Once you are settled in the blocks you will then transition into a “set” position. This is where you raise your hips, your knee is up and off the ground, your weight shifted to balancing between the force applied on the blocks and on your arms. Your legs should remain bent as straight legs do no not generate power. This means that your hips do not need to come up as much as you might think. Your hips raise enough to load you but not enough to take the tension stored in your bent and contracted muscles.
This isn’t an overly comfortable position – you may feel like you are going to fall on your face, but just load your weight back into the blocks a bit more if that is how you are feeling. What you don’t want to do is to be too far forward in the set position that when the blocks go off you need to rock back into the blocks and then drive out of them. You want to just be able to drive right out of the blocks, using them as a base to push out of (think about pushing through them).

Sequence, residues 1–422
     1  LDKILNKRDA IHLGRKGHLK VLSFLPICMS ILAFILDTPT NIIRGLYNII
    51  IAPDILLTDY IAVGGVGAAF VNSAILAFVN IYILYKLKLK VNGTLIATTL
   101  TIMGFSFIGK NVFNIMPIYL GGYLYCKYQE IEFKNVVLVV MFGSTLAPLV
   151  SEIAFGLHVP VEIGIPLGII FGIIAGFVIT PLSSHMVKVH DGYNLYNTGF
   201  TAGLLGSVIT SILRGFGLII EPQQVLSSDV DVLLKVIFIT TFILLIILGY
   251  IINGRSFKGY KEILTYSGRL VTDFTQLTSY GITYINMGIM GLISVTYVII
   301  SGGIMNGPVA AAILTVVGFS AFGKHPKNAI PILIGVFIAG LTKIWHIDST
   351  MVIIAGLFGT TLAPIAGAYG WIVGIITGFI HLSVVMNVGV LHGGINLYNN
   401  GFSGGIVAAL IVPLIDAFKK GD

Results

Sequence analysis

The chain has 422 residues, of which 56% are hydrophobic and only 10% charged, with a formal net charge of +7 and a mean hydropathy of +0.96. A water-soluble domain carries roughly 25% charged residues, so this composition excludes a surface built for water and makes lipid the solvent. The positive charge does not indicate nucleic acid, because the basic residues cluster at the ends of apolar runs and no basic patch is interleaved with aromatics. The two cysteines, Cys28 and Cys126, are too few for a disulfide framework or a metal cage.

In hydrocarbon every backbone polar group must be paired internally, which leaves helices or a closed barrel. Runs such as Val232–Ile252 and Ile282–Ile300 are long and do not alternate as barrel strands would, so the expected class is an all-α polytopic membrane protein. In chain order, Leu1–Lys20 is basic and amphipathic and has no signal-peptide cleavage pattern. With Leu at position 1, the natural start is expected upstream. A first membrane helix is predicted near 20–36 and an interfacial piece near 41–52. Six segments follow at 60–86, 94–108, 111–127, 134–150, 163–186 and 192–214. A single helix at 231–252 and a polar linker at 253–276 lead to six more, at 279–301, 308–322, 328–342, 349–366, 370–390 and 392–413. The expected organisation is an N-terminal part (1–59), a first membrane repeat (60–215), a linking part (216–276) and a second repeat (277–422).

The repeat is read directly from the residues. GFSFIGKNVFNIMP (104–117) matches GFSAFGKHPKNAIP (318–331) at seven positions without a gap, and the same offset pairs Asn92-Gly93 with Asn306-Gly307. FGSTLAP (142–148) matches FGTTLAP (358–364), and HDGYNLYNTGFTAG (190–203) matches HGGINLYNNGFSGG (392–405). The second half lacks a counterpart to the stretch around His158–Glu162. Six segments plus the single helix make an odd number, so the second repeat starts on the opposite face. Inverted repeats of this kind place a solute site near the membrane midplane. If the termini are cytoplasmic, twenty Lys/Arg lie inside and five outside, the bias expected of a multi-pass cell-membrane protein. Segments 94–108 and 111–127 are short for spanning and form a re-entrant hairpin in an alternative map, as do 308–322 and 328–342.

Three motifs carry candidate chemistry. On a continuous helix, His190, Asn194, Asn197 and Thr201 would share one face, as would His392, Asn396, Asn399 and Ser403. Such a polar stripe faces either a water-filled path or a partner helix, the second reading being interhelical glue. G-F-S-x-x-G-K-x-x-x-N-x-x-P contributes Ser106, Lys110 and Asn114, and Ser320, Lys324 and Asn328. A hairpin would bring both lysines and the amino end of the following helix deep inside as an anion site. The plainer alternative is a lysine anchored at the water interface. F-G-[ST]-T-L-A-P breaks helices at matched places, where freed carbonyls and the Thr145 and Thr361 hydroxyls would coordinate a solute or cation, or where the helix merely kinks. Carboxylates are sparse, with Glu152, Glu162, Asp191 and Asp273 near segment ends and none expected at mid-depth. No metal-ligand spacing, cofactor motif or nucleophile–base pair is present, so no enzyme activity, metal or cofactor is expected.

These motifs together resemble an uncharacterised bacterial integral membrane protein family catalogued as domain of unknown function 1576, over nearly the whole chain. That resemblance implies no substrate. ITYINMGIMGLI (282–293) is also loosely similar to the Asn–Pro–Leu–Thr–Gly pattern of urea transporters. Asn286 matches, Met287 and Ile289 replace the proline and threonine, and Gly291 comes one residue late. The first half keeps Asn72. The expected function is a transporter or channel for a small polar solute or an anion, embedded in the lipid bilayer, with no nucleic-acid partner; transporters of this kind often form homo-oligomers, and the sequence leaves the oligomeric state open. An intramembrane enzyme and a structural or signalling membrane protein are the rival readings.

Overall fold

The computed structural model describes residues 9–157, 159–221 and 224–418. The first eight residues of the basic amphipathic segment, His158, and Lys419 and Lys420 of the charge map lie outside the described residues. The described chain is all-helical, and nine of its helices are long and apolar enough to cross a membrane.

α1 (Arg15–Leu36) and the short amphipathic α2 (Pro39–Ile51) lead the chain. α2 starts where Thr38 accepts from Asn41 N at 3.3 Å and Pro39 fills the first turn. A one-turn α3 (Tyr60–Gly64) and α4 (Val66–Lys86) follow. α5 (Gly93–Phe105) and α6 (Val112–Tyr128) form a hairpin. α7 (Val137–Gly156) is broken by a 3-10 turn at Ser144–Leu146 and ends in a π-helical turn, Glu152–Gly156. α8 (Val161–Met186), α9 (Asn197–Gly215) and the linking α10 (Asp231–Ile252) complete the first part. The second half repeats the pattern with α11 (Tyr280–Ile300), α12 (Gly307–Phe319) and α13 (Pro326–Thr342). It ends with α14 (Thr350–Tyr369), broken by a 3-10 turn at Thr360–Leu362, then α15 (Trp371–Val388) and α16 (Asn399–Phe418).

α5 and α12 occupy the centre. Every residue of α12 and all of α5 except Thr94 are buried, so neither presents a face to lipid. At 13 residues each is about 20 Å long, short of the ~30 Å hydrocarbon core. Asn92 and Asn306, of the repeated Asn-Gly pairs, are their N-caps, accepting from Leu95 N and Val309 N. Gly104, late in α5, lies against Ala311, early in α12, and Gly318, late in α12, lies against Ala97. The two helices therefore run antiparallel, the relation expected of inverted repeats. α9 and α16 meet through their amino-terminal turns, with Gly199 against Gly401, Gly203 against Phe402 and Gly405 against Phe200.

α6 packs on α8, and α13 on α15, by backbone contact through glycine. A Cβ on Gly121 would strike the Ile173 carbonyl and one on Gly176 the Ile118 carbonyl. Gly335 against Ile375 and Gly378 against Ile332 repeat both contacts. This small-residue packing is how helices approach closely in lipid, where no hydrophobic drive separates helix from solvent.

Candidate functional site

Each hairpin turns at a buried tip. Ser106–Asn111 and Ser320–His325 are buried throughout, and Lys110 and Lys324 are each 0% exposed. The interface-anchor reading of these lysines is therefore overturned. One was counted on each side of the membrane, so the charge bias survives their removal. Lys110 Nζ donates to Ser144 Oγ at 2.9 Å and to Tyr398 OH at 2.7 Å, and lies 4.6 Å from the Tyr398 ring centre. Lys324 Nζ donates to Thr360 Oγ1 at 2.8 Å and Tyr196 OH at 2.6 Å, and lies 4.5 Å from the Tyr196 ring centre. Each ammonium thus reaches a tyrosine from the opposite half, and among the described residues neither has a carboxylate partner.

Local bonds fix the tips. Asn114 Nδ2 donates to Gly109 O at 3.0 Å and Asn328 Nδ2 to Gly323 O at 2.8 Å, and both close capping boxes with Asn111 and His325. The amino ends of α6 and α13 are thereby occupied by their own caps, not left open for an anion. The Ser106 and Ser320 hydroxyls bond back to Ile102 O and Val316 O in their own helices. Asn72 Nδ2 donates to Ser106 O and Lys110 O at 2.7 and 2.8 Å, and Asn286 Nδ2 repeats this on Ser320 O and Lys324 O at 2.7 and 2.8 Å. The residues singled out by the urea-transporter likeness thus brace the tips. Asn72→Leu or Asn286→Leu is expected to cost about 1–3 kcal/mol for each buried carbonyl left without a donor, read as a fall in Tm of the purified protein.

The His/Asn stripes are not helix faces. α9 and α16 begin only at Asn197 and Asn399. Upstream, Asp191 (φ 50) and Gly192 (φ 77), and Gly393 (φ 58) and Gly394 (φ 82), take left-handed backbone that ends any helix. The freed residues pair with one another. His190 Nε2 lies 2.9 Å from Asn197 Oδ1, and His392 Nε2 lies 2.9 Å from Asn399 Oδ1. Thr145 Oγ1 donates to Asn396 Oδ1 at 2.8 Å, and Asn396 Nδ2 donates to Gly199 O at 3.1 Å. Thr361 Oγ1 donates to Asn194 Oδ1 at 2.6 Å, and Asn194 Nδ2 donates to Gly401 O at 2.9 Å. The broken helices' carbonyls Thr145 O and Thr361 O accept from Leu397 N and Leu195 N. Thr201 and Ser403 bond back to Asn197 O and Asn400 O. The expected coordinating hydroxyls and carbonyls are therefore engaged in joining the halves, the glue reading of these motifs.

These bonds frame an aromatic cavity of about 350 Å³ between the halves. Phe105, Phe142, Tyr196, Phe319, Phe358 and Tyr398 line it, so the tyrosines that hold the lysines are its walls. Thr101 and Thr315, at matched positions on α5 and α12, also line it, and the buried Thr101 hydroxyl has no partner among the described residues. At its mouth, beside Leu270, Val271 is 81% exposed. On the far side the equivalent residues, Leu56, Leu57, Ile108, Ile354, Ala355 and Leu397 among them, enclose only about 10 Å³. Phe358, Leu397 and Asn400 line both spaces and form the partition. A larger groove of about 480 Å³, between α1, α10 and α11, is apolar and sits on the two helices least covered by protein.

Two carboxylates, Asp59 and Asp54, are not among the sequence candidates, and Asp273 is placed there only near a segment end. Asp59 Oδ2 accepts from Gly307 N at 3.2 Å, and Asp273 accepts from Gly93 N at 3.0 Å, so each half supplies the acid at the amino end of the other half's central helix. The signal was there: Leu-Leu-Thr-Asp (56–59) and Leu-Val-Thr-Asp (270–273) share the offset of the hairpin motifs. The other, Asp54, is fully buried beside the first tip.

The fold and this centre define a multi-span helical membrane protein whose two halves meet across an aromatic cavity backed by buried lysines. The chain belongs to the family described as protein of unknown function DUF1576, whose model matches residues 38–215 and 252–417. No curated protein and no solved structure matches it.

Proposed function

The gun goes off and you’re away. Exploding off the blocks, using those long, reaching strides to accelerate up to top speed, you’ve just completed your first start. You’re going to be doing a lot of them over the course of your sprinting endeavour as you’ll never do it perfectly every time and without fail. But it’s a … start (ha!).
One last thing to mention about starts: when you are in the blocks and set, DO NOT LOOK UP. This is something that many beginner runners, and even some more experienced sprinters do – they look down the track. There is no need. The finish line is always there. The lines are always there. Just look down and listen for the gun. Looking up strains your neck, throws your head out of alignment with your back, causing your hips to shift or lift and most importantly, your head goes up and you become erect out of the blocks almost immediately. Remember, we want to stay low for longer to maximize our long body axis and accelerate. If we are up and erect right out of the blocks we have a much more difficult time accelerating.